When I got off the train at Pangbourne, near Reading, on my way to World Yoga Festival, I noticed some graffiti on the wall opposite the station. It read “Buy More. Work Harder. Live Less.” A great reminder why it’s sometimes good to stop and think and take time out to reconsider what is important to us in life. World Yoga Festival, which took place from 6-9 July in the beautiful natural setting of Beale Park by the river Thames was the perfect place to do this. In fact, it was like a positivity boot camp.
The festival only started last year, but it felt like it’s been around for decades. Ram and Sonali Banerjee and their team have created something very special, which in itself reflects the power of yoga as a philosophy, that oneness is not just a theoretical, hard to grasp concept, but that by doing the right actions, big and small, and working actively towards positive goals with others we can achieve something incredibly beautiful. World Yoga Festival brings together renowned masters from different yogic disciplines and embraces all eight aspects of yoga. It is yoga in practice.
I don’t think I’ve ever been at an event where there was so much spiritual knowledge gathered in one place. I had never heard of most of the speakers and teachers before last weekend and I’ve still not been to India. But World Yoga Festival is probably the closest you can come in the UK to get a taste of spiritual India while also having a real outdoor retreat with a swimming lake, lounging in the chai tent at sundown, eating the most scrumptious vegetarian and vegan food and getting lots of healthy exercise. There were a number of gurus (removers of the darkness of ignorance) and swamis (spiritual teachers) present and every speaker I listened to (pictured above is Swami Satvananda Saraswati), had something helpful to add to our own practice, no matter where each of us currently was on our path of learning.
In fact, the variety of festival attendees was quite astonishing. I met people from various countries, holistic practitioners, yoga teachers, lawyers, engineers, people making the most of their retirement by travelling and learning, seasoned yogis, musicians, groups of friends on a weekend away, families with little ones and older children, enjoying nature together and the craft workshops and classes on offer especially for them. All the volunteers were really into yoga and super friendly and we exchanged lots of tips about other yoga events.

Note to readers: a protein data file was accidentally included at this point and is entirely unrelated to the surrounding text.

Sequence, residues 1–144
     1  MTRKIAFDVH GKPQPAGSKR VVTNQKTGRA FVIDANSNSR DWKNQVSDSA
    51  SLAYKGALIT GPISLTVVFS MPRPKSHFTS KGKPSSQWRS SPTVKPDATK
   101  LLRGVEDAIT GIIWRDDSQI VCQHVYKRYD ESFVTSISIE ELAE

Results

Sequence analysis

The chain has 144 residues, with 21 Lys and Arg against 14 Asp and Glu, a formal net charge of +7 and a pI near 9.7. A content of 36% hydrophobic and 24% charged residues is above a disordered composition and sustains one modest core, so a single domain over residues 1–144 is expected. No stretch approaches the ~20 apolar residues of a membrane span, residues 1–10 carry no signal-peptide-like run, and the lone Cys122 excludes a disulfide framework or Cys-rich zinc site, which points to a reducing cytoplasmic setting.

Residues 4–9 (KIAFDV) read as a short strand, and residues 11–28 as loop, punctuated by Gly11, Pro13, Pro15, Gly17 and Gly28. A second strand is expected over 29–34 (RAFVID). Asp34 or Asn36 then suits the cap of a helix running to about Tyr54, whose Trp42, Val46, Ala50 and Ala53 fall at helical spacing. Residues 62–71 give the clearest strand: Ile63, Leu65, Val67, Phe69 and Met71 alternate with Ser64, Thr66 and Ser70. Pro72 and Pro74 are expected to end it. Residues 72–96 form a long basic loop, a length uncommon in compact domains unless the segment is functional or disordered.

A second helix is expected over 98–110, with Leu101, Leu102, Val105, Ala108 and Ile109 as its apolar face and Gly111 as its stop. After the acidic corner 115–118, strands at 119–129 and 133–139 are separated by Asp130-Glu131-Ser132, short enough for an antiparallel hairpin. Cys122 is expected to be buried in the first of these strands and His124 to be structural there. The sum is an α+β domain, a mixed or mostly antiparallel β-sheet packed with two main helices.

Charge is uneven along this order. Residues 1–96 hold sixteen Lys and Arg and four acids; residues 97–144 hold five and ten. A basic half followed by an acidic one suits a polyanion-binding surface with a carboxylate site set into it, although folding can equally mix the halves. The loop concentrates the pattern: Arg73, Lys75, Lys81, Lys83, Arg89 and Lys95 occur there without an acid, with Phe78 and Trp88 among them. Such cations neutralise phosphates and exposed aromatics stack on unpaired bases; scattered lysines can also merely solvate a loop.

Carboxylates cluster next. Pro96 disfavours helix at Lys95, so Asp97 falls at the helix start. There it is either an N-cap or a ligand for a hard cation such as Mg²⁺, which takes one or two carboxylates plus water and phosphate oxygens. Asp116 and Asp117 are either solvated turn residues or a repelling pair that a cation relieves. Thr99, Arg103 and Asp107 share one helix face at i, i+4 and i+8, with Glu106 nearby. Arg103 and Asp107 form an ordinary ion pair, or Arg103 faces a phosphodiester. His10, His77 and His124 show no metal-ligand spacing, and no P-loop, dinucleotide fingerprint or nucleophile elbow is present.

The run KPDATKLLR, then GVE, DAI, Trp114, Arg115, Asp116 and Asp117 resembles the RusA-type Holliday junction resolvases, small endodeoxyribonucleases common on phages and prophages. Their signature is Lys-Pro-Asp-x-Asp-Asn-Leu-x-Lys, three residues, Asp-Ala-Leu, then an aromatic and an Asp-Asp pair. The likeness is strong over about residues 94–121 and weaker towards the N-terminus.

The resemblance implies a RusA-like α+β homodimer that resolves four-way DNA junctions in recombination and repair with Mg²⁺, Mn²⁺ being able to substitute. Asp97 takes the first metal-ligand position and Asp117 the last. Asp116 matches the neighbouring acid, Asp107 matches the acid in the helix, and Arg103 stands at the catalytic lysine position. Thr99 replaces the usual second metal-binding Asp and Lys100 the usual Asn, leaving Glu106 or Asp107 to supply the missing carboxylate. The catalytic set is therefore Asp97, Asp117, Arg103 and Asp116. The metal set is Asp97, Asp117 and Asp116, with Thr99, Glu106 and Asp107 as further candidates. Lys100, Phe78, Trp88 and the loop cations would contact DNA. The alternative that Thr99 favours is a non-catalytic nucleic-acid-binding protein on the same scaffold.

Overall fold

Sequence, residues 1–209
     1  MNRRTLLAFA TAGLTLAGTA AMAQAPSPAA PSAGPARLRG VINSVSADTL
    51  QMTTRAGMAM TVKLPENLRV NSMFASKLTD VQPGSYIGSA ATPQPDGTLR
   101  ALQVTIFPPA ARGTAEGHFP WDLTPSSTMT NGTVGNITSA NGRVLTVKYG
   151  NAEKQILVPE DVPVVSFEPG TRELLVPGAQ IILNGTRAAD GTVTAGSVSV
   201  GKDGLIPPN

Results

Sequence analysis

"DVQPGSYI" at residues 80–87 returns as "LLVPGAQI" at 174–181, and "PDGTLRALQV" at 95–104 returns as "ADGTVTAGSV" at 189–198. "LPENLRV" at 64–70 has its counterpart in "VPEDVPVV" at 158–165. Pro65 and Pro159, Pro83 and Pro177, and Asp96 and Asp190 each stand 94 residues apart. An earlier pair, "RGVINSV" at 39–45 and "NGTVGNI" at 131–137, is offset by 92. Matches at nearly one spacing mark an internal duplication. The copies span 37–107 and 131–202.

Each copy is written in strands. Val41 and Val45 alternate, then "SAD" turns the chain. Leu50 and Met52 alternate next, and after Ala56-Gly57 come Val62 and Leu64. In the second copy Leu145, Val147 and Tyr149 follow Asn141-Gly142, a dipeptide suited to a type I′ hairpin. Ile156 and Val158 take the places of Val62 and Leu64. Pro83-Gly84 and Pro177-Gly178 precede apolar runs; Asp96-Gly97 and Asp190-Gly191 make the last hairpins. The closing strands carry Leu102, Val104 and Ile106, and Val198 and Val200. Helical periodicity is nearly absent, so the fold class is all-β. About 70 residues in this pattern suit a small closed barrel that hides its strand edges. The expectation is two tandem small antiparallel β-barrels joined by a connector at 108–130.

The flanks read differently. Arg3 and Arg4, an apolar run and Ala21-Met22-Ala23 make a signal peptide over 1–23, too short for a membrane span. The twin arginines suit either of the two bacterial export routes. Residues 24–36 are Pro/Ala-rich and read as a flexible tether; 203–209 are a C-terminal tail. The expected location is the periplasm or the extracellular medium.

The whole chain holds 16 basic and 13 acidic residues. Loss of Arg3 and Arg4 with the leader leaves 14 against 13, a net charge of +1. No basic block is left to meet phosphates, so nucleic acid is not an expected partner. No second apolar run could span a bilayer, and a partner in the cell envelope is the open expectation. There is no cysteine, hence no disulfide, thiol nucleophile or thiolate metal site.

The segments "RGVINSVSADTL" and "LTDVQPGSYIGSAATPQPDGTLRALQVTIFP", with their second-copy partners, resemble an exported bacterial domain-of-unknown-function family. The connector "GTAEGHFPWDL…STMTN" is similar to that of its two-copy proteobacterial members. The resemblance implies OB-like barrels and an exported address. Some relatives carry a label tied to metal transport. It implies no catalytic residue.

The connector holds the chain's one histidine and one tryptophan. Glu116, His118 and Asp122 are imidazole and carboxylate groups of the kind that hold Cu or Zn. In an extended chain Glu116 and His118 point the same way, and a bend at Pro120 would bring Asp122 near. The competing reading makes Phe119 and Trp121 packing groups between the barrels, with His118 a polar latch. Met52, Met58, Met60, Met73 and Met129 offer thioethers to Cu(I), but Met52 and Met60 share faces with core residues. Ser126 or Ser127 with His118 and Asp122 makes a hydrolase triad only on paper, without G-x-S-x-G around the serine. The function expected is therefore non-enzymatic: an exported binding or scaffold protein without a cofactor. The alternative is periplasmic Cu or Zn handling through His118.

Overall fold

It was also really easy getting to know new people before and after classes and over some of the yummy vegetarian and vegan food, which included salads, crepes, risotto and pasta, Mexican and lots of delicious Indian food, which was my favourite (South Indian masala dosa, savoury Indian pancakes, curries and dhal). In addition, there were stalls with yoga clothing, mediation cushions, a non-alcoholic cocktail bar, fresh juices, coffee and yogi tea.
By the lake you could learn to drum or play the didgeridoo, have a massage or simply lounge in the beautiful Earth tent, which was strewn with large cushions and little lights, which glowed beautifully in the dark. Even the toilets were amazing. I don’t often post pictures of something as basic as this, but it just underlines again how much care went into every detail of the festival. There were hardly any shower queues and it all made me feel like I’m at a holistic retreat rather than a camping festival. So nice.
The main draw and best part of the festival, however, was of course learning from the wonderful masters and teachers, many of them from the birthplace of yoga, India. As at most festivals, there was a packed schedule divided across four stages (Space, the largest, where all the evening concerts and some ceremonies took place, Air, Fire and Water). The tents were spacious and each had a differently coloured floor with white walls and ceilings. It was a little overwhelming at first to choose between so many excellent sounding classes, workshops, gong baths (see pic further down), meditations and talks, plus a Bharatanatyam dance workshop by Ananya Chatterjee, which all seemed unmissable and to also get enough time to relax (or rather let all the teachings sink in!). So I just tried a few different ones each day.
Unlike at quite a few other yoga festivals, there was a huge emphasis on knowledge and learning. So rather than lots of physical yoga, even the asana-based classes in the water tent were often more on anatomy (e.g. by Sri Louisefrom the USA) or positive thinking (Neil Patel talking about yoga and cancer).